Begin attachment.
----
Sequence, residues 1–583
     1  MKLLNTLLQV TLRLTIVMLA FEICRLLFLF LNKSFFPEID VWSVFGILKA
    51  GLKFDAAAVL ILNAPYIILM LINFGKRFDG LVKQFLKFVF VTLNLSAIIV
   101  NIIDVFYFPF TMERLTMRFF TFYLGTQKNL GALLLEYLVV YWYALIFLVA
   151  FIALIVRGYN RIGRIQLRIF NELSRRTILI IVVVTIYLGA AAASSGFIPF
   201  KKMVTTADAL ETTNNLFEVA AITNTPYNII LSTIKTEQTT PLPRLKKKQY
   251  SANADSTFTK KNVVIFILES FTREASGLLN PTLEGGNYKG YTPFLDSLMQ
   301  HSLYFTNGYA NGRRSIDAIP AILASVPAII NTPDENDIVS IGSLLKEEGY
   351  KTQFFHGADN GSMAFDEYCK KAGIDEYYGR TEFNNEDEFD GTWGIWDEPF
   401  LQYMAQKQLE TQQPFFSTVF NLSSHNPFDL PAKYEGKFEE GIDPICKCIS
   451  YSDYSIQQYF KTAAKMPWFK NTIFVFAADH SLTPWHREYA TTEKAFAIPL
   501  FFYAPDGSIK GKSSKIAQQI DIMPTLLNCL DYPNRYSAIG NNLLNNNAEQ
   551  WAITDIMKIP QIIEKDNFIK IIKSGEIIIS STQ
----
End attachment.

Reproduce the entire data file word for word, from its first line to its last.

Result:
Sequence, residues 1–583
     1  MKLLNTLLQV TLRLTIVMLA FEICRLLFLF LNKSFFPEID VWSVFGILKA
    51  GLKFDAAAVL ILNAPYIILM LINFGKRFDG LVKQFLKFVF VTLNLSAIIV
   101  NIIDVFYFPF TMERLTMRFF TFYLGTQKNL GALLLEYLVV YWYALIFLVA
   151  FIALIVRGYN RIGRIQLRIF NELSRRTILI IVVVTIYLGA AAASSGFIPF
   201  KKMVTTADAL ETTNNLFEVA AITNTPYNII LSTIKTEQTT PLPRLKKKQY
   251  SANADSTFTK KNVVIFILES FTREASGLLN PTLEGGNYKG YTPFLDSLMQ
   301  HSLYFTNGYA NGRRSIDAIP AILASVPAII NTPDENDIVS IGSLLKEEGY
   351  KTQFFHGADN GSMAFDEYCK KAGIDEYYGR TEFNNEDEFD GTWGIWDEPF
   401  LQYMAQKQLE TQQPFFSTVF NLSSHNPFDL PAKYEGKFEE GIDPICKCIS
   451  YSDYSIQQYF KTAAKMPWFK NTIFVFAADH SLTPWHREYA TTEKAFAIPL
   501  FFYAPDGSIK GKSSKIAQQI DIMPTLLNCL DYPNRYSAIG NNLLNNNAEQ
   551  WAITDIMKIP QIIEKDNFIK IIKSGEIIIS STQ